Approximately 20 percent of patients have recurrent bleeding of peptic ulcers following endoscopic treatment. These recurrences often require emergency surgery and are associated with a high rate of mortality. In vitro data suggest that platelet aggregation is enhanced at higher levels of gastric pH. However, studies using intravenous histamine H2-receptor antagonists to prevent recurrent bleeding have produced conflicting results. In addition, tolerance to this class of drugs develops within 72 hours when they are given intravenously, negating their ability to suppress acid production. Lau and colleagues performed a randomized study to determine whether high-dose therapy with a proton-pump inhibitor would decrease the risk of subsequent upper gastrointestinal bleeding after endoscopy.
Patients enrolled in the study were adults admitted to the hospital with a diagnosis of upper gastrointestinal bleeding. All study subjects underwent upper endoscopy within 24 hours of admission, at which time any active bleeding ulcer or nonbleeding ulcer with visible vessels was injected with epinephrine followed by direct thermocoagulation with a heater probe. Testing for Helicobacter pylori infection was also performed at the time of endoscopy.
After endoscopy, the patients were randomized to receive an 80-mg intravenous dose of omeprazole or placebo. This was followed by an intravenous infusion of omeprazole or placebo at 8 mg per hour for 72 hours. Intensive monitoring for any sign of recurrent bleeding was performed until patients were determined to be stable enough for discharge from the hospital. If rebleeding was evident on clinical or laboratory evaluation, endoscopy was repeated along with epinephrine and thermocoagulation if clinically indicated. All patients from the treatment and placebo arms of the study were treated with 20 mg of oral omeprazole per day for eight weeks after discharge. Patients who had a positive test for H. pylori were also given amoxicillin and clarithromycin for one week. The primary end point of the trial was recurrent bleeding within 30 days of endoscopy. All patients underwent repeat endoscopy at eight weeks.
A total of 739 patients with upper gastrointestinal bleeding were admitted during the study period, of which 267 underwent endoscopic treatment. From this group, 120 patients were randomized to the omeprazole arm and 120 to the placebo group. Eighty men were in each group (66.7 percent), and the average age was about 65 years. Recurrent bleeding occurred in eight patients in the omeprazole group and in 27 patients in the placebo group. Most cases of recurrent bleeding (five of eight in the omeprazole group and 24 of 27 in the placebo group) occurred during the three-day infusion period. Three patients in the omeprazole group required surgery, compared with nine in the placebo group.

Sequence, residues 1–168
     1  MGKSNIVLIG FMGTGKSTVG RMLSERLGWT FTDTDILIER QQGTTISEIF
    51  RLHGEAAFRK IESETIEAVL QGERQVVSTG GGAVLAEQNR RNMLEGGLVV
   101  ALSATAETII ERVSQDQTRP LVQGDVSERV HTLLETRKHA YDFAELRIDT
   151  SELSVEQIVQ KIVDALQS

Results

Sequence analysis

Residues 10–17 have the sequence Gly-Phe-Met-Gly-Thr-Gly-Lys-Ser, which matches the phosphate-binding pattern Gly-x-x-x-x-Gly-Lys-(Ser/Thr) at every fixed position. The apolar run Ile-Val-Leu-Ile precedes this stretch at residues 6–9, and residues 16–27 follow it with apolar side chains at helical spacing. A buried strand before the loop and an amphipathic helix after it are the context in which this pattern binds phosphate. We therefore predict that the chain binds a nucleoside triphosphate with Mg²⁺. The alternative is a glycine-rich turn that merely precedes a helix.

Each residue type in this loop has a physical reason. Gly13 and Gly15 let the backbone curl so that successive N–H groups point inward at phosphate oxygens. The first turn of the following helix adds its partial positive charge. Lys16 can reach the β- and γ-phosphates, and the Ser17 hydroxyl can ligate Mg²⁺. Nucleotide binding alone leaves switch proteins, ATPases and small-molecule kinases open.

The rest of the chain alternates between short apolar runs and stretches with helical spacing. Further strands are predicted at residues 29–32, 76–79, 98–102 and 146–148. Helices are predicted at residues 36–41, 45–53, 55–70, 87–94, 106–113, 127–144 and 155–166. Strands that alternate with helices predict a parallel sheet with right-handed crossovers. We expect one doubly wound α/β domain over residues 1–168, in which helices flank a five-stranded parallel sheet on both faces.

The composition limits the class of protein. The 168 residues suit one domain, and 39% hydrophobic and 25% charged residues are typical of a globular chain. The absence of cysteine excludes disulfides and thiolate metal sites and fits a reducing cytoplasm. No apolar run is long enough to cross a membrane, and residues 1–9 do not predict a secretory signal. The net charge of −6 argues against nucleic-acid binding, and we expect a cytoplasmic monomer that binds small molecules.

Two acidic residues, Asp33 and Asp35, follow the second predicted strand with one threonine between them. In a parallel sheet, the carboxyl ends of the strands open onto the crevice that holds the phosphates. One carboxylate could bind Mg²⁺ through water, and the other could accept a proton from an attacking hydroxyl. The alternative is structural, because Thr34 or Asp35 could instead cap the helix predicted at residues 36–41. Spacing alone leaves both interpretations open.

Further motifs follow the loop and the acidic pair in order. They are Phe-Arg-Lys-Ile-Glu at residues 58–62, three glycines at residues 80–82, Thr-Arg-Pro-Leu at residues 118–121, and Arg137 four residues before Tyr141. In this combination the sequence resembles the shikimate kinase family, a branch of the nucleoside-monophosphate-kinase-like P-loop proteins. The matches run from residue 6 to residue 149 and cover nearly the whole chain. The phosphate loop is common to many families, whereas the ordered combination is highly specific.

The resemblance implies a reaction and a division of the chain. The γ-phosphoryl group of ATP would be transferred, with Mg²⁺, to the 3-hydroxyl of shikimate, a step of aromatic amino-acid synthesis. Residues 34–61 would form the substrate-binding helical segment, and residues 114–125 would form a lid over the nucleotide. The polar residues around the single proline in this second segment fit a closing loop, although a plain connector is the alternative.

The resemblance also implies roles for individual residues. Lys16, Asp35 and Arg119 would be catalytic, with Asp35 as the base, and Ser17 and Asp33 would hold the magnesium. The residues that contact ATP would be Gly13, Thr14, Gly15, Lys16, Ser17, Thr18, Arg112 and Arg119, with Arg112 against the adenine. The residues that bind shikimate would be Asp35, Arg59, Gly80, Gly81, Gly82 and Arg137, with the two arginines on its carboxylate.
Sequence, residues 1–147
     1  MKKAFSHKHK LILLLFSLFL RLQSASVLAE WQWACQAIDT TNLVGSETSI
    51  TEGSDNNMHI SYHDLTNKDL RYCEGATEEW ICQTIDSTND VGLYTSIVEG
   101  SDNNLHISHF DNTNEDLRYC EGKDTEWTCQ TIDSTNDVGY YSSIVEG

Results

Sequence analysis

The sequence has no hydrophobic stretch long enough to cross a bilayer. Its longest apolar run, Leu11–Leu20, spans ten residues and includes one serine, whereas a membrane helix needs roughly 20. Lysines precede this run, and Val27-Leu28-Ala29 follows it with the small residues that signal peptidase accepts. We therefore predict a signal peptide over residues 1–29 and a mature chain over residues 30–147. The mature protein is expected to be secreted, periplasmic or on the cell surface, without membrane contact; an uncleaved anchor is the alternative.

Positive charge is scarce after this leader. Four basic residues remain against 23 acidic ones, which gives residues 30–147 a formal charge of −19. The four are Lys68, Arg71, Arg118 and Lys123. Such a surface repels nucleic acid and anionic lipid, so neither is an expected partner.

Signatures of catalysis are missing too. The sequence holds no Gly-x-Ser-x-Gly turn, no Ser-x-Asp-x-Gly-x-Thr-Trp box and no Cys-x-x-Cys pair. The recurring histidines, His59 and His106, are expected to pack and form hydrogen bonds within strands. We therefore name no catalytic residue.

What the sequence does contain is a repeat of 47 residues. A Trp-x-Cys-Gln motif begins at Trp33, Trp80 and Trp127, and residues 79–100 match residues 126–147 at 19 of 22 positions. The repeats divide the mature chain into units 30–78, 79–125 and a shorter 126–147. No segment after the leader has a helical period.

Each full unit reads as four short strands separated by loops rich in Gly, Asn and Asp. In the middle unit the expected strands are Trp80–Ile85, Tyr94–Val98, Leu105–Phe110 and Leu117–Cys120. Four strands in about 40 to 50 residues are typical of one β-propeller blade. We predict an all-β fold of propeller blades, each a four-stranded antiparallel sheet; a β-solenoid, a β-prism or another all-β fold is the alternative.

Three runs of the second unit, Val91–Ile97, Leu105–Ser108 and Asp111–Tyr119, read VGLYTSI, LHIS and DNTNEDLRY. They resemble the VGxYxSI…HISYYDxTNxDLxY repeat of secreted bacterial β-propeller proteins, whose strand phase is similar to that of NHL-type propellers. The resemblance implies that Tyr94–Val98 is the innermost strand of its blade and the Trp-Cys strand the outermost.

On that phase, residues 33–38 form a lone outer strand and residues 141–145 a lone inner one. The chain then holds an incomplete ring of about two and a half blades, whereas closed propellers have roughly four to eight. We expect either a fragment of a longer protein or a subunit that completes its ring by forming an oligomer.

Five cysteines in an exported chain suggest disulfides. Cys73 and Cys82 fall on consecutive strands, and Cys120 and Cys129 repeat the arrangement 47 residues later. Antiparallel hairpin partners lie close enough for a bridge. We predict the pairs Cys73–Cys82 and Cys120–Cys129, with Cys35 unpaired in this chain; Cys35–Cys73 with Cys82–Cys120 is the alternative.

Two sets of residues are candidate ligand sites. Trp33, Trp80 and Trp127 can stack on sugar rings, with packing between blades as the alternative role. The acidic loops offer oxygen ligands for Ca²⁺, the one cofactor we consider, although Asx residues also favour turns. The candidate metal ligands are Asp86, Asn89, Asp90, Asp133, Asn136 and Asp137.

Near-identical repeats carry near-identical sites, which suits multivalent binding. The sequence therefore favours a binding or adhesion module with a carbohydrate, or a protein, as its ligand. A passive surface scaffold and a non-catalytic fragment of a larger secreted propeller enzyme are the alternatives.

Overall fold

Of patients who presented with actively bleeding ulcers, recurrent bleeding was found in three of the omeprazole patients compared with 10 in the placebo group. Another factor noted was the number of blood transfusions needed during the first 30 days after endoscopy, which was significantly less in the treatment group. The average duration of hospitalization was also significantly shorter in the omeprazole group compared with the placebo group. Five deaths occurred in the treatment group compared with 12 in the placebo group. However, none of the deaths in the treatment group were directly associated with gastrointestinal bleeding.
The authors conclude that high-dose intravenous omeprazole significantly reduces the risk of recurrent bleeding following endoscopic treatment of peptic ulcers. This therapeutic intervention also appears to decrease the need for blood transfusions and surgery, and to reduce the length of the hospital stay.
editor's note: Although the results of this study are impressive, intravenous omeprazole is not currently available in the United States. A new proton-pump inhibitor, pantoprazole, was recently labeled by the U.S. Food and Drug Administration for this purpose and is available for intravenous administration. In an accompanying editorial, Libby notes that only about one third of the patients admitted in this study had endoscopic evidence of bleeding. This therapy cannot be extrapolated to include any patient admitted with a diagnosis of upper gastrointestinal bleeding. Intravenous omeprazole can rapidly raise intragastric pH to more than 6, a level shown to enhance platelet aggregation and formation of fibrin clot. Oral proton-pump inhibitors take several days to produce this level of acid suppression and thus may not be as effective as the intravenous formulation in preventing early recurrence of bleeding.—j.t.k.